Wednesday, July 30, 2008

i'm dreaming of buying a new computer. the one i'm using at home is still James's, which is both bogus and sad. Dell now sells ones that have bamboo casing on the tower. Pretentious... and yet I feel a friendly, enviro-friendly glow. I wanted to figure out how much this would cost, but the Dell website doesn't seem to offer Canadian shipping. There is a box for "State/province," but the provinces it mentions are like Alabama and Wisconsin, in other words, the kinds of provinces that aren't.

This neat little utility will use your browser history to estimate your gender. It got me way wrong (87% male!), but then, that's my own fault for being obsessed with, and the Yahoo! sperm-count self-tester. (heh. if only they really had that. No seriously, the websites i visit that mark me as male: imdb, flickr, urbandictionary, salon, boingboing, wowwiki, consumerist...)

Also: what the hell is this?? I really hope it IS a monster, and not, say, some kind of viral marketing campaign. (It's really disappointing when seemingly exciting things turn out to be viral marketing campaigns.) A lot of gawker commenters suggest it's a dog that has lost its skin, which is both sad and gross. I actually want to KNOWWWWW. Montauk Monster News! It has its own blog!

Tuesday, July 29, 2008

File under "wacky news"

Police: Man Stole Miami-Dade Buses, Drove Them On Routes. And yet! Arrested. Sad face.

....But why would i be the target of a Scientology conspiracy?


i found out about this new search engine called "Cuil" today. It's fairly cool, although based on the preliminary "investigating" I've done it's hard to say whether it really is superior to google. However, in an lolz moment, a search for my blog turns up this:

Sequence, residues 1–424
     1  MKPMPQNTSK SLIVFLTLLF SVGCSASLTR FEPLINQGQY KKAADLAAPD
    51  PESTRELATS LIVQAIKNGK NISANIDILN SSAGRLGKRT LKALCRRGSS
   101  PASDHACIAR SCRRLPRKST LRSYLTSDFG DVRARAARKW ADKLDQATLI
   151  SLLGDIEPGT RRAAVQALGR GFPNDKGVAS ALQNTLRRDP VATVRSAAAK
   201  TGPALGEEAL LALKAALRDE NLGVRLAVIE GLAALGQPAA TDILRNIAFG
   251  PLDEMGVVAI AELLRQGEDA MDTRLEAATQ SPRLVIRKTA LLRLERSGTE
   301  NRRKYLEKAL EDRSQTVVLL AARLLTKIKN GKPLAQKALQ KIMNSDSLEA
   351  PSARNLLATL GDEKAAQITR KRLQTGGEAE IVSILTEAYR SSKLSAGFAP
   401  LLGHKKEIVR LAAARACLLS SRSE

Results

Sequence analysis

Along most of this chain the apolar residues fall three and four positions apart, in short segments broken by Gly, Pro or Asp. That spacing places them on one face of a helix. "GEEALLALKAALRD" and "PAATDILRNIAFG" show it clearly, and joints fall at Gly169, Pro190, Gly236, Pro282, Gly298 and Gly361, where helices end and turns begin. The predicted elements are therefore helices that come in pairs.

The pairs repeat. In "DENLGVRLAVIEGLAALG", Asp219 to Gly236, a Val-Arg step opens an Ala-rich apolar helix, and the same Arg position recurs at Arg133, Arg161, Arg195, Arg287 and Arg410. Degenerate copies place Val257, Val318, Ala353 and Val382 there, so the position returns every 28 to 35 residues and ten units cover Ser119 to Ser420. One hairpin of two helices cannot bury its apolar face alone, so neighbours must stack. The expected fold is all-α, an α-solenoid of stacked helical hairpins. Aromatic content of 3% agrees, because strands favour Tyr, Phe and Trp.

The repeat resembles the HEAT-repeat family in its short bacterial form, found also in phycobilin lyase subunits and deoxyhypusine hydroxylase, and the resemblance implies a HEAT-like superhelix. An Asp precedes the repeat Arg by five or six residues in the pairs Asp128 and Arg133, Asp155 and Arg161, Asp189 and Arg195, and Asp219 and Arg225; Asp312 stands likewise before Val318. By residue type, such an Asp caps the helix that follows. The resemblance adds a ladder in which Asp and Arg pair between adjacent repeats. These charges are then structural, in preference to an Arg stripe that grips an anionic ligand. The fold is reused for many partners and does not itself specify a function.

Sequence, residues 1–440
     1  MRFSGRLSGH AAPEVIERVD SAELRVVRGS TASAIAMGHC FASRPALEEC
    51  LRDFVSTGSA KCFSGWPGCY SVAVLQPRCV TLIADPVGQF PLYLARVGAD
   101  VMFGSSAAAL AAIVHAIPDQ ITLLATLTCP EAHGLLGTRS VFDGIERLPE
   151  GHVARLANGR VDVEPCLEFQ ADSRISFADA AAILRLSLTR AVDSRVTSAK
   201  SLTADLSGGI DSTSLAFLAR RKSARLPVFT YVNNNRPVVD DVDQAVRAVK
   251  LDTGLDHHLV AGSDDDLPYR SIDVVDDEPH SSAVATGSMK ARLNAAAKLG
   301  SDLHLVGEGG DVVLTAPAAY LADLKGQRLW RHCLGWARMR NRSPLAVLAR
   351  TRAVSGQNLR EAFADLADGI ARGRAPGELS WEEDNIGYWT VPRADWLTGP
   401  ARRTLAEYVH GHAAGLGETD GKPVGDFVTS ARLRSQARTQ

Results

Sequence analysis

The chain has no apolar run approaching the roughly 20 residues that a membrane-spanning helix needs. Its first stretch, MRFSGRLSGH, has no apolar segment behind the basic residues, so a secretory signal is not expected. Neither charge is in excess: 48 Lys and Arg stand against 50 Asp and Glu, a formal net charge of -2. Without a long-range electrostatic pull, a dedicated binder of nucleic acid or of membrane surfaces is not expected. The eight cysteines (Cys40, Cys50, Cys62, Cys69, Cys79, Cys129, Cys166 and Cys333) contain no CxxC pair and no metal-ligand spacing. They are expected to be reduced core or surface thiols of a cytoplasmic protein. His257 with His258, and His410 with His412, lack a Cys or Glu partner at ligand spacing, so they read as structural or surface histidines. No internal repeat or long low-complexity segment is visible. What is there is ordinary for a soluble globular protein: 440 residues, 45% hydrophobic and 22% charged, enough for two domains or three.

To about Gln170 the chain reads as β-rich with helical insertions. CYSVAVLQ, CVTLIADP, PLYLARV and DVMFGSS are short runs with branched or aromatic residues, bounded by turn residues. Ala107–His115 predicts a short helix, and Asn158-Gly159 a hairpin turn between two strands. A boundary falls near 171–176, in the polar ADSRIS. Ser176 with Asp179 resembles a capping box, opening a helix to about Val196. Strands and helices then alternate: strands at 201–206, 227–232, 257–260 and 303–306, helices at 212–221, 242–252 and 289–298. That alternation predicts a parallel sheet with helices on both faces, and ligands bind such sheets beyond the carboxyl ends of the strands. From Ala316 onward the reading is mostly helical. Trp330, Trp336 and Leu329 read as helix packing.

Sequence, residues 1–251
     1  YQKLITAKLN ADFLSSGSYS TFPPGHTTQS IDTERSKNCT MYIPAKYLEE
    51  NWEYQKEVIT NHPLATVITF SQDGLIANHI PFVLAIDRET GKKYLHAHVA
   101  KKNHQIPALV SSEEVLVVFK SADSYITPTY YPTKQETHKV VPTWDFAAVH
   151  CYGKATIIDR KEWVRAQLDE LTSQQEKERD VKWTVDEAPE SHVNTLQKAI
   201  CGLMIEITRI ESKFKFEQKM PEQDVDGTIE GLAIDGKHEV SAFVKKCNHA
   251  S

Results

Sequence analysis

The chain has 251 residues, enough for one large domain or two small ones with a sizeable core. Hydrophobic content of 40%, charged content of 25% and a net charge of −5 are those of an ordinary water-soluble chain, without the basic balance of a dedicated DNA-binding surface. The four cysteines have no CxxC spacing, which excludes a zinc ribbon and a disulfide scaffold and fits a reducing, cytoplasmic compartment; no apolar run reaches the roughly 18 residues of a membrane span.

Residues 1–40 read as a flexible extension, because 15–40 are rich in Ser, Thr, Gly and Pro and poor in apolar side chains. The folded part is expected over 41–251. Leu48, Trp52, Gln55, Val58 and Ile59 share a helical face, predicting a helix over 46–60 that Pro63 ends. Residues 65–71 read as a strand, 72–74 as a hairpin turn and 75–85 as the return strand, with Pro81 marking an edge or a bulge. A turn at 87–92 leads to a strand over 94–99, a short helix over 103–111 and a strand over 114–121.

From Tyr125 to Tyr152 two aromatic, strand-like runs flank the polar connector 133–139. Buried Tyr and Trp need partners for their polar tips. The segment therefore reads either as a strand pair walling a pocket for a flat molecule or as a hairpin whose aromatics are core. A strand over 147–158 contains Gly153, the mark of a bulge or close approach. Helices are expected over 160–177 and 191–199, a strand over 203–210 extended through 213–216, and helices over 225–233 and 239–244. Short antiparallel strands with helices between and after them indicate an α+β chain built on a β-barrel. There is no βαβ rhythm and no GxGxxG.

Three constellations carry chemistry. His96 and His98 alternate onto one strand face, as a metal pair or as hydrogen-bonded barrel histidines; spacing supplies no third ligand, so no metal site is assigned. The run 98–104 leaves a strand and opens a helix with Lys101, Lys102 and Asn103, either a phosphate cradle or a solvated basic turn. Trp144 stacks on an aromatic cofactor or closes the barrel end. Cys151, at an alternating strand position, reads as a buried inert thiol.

Appparently the one image that epitomizes this blog is a banner that says "My success in Scientology." Either that, or this is part of some larger Scientology conspiracy. Which I haven't ruled out.

Or it's sneaky advertising. I definitely haven't ruled THAT out.

Monday, July 28, 2008

Linky Monday, day off edition

Cake Wrecks--a blog of disastrous cakes. This is a more entertaining premise than you might think at first blush, although I find some of these cakes awesome rather than snark-worthy. For example, this one. I would be honoured if someone gave me that cake. And "Happy Birthday Dickhead" is awesome, not lame.

The Five Dollar Comparison--what can you get for $5? I'm obsessed with this question, actually.

Tomes and Talismans--BoingBoing linked to this PSA, circa 1985, which is designed to teach children how to use libraries- AFTER THE EVACUATION OF HUMANITY FROM EARTH! Lucky we have card catalogues to help us find anything we could possibly want. I cannot emphasize strongly enough how much you should watch this dumb movie. (The rest of the series is on YouTube.) (PS: Why do the library staff have to keep explaining to each other how to use the library? How did they even GET THOSE JOBS?) (Also: it's on Wikipedia! And not in microfiche!)

Lifetime, Wow!--This is another blog I just discovered. It's hilarious. The author evaluates Lifetime TV movies on the basis of "Actual awesomeness," "Ironic awesomeness," The presence of actual celebrities, and "Lifetimeness." Helpful.

Interchangeable flap messenger bag tutorial
in which I push Microsoft Paint to the limit

This tutorial explains how to make this messenger bag which I posted on Craftster. My apologies for the long post... I just wasn't sure where else to put this. I'm a very intuitive (read: no-planning! Measure twice and cut once... sure, if you're a sissy) sewer, so it's hard for me to describe exactly the process I went through. But I hope this is useful.

I'm happy to answer questions about this. Comments on this blog are emailed to me so feel free to reach me that way. I also have this available in a printer-friendly PDF version. I will be happy to send it to anyone who asks.

Pattern Pieces


I haven't given size instructions here--everyone should make everything whatever size they want :) But note that the body of the bag (piece 1) should have sides and a bottom at least 1.5" bigger than the large pocket (piece 2). This is so that your pieces will be the correct size in Step E.

Step H. shows how the bag body rectangles are transformed into a bag. If you're not sure how this will work, use paper to make a mock-up, and follow the instructions in Step H to see what size of bag this will result in. This process is so magical I can hardly begin to describe to you how it works, and I frequently have to make paper versions of it myself just to convince myself it still works.